Ever since AT&T acquired DirecTV, the idea of AT&T exiting the IPTV business has been a subject of debate. AT&T has invested billions in their U-Verse platform, which powers their U-verse TV IPTV service. Will they walk away from it and focus all of their video efforts through DirecTV?
If you believe a Bloomberg Business report, the answer is yes. Bloomberg is reporting the decision has already been made and AT&T is actively in U-verse TV shut down mode.
“AT&T Inc. is phasing out the U-verse TV service as it pushes new customers to newly acquired DirecTV, a sign the company is giving up on once-heralded plans to compete head-on with cable through telephone lines,” reports Scott Moritz of Bloomberg Business.
AT&T Exiting the IPTV Business
According to the Bloomberg report, AT&T has stopped buying U-verse TV set-top-boxes and is pushing new TV customers to DirecTV. The report says existing U-verse TV customers will be able to retain the service, but there will be no new sign-ups.
If true, one has to wonder how long AT&T will continue to support U-verse TV. There has been no official word from AT&T on U-verse TV plans. A visit to AT&T’s website today still displayed U-verse TV options, although it’s clear that DirecTV is getting top billing.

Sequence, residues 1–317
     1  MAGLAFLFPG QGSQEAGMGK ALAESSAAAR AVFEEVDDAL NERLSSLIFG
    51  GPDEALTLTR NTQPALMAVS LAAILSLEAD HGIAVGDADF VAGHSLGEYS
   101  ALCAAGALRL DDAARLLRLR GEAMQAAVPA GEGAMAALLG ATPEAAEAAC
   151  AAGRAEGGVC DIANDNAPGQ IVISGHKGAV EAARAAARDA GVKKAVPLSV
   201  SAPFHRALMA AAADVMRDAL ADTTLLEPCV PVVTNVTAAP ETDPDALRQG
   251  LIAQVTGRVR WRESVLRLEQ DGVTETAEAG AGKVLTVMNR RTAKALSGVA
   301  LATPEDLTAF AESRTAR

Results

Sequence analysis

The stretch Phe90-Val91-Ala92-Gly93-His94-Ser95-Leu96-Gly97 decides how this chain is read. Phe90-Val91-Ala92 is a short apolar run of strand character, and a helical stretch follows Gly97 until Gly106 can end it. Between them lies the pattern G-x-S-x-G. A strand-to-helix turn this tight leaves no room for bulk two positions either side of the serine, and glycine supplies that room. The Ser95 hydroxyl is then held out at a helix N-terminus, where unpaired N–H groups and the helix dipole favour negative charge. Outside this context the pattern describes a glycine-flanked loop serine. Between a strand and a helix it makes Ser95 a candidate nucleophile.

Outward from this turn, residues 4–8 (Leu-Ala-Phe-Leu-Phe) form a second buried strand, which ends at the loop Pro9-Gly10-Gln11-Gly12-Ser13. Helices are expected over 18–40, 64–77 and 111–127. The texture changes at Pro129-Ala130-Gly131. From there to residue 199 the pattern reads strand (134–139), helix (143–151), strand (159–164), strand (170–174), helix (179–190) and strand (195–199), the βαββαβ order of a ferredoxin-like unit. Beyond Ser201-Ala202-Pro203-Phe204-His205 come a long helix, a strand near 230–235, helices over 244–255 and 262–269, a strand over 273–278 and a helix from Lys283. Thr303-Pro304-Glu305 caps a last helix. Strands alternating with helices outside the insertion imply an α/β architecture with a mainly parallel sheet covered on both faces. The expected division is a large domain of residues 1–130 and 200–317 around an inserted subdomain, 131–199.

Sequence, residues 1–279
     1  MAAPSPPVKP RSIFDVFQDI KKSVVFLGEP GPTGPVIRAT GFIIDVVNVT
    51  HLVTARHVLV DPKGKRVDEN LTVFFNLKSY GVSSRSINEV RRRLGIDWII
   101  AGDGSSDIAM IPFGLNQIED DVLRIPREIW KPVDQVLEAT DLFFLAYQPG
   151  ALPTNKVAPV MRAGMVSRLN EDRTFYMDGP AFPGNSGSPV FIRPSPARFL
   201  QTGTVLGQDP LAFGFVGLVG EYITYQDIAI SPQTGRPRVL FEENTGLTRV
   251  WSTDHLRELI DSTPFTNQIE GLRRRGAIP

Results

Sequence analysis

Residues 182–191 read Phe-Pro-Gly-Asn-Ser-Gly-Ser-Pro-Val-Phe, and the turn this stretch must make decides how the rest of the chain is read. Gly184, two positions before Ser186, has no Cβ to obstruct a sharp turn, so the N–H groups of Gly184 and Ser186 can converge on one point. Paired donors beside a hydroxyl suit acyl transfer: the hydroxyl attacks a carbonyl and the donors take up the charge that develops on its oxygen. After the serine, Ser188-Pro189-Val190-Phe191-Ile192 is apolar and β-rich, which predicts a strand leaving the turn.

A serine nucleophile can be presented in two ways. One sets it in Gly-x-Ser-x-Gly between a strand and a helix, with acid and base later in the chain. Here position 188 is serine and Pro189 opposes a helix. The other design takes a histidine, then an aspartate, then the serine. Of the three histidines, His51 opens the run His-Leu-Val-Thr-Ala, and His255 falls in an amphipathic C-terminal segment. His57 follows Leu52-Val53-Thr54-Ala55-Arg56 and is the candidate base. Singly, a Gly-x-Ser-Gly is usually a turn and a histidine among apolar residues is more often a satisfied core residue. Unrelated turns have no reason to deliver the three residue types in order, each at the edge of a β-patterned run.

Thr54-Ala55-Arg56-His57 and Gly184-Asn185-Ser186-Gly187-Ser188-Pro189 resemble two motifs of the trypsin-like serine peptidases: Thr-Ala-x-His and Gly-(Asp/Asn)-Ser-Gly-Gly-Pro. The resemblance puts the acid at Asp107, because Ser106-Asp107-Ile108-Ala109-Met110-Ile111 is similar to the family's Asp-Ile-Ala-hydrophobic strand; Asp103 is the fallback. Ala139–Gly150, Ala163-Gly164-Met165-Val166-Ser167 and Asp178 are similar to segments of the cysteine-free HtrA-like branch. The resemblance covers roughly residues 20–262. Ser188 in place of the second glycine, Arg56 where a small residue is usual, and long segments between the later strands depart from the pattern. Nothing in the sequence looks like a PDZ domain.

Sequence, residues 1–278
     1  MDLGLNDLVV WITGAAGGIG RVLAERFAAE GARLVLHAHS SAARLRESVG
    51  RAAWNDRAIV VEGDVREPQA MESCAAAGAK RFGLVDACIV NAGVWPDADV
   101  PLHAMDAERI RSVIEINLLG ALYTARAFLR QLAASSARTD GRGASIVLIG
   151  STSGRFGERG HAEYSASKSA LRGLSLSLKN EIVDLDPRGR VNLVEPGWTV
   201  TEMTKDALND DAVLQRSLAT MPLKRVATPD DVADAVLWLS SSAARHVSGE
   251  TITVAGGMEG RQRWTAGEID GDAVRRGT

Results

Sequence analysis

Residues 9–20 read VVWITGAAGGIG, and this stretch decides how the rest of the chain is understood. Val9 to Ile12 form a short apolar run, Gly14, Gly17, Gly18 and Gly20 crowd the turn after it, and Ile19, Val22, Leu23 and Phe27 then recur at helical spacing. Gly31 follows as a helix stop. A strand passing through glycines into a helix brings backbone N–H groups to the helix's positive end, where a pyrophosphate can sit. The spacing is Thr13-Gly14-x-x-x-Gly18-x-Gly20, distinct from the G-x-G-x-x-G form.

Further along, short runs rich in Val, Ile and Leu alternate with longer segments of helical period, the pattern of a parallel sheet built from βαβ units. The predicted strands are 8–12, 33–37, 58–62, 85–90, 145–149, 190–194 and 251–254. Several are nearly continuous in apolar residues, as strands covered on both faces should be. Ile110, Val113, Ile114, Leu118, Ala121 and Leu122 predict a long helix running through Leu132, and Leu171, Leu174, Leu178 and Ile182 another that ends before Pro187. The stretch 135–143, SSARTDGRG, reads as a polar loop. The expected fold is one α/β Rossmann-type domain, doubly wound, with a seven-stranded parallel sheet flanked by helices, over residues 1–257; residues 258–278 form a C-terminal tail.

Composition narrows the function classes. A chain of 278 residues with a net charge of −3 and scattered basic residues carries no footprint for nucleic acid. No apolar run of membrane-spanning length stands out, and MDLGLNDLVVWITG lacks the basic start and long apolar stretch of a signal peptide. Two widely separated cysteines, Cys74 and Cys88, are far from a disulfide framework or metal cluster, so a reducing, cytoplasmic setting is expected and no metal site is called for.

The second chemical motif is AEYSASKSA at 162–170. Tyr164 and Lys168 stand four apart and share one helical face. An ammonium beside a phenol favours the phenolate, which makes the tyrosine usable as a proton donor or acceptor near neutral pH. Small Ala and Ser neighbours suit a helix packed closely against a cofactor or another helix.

The move makes business sense. It’s incredibly difficult to support one video platform at scale, much less two. AT&T stands to save billions annually by exiting IPTV. Bloomberg reports they will shift their focus to a home gateway that delivers a broadband and video bundle, with video delivered via satellite.
By removing video off their access network, they stand to have the capability to dramatically increase the broadband speeds they can offer and better compete with cable broadband. AT&T is also reportedly pursuing a mobile video strategy as well, using DirecTV and other video content. They also have been eyeing an OTT play. They intend to be a player in video, but perhaps not through their legacy U-verse IPTV network.
Assuming AT&T follows through as Bloomberg reports, it’s somewhat of a blow to the IPTV ecosystem. AT&T is one of the largest pure-play IPTV providers in the world, and the largest in North America. Losing a major player like that has implications for the entire ecosystem.
It will be interesting to see the impact of this on CentruryLink, who uses virtually the same IPTV platform as AT&T. As a result, CenturyLink was able to enjoy better economies of scale. Ericsson provides the middleware for both AT&T and CenturyLink and they are working with AT&T on a new video platform that will emphasize DirecTV. Perhaps that collaboration will allow Ericsson to continue to support both.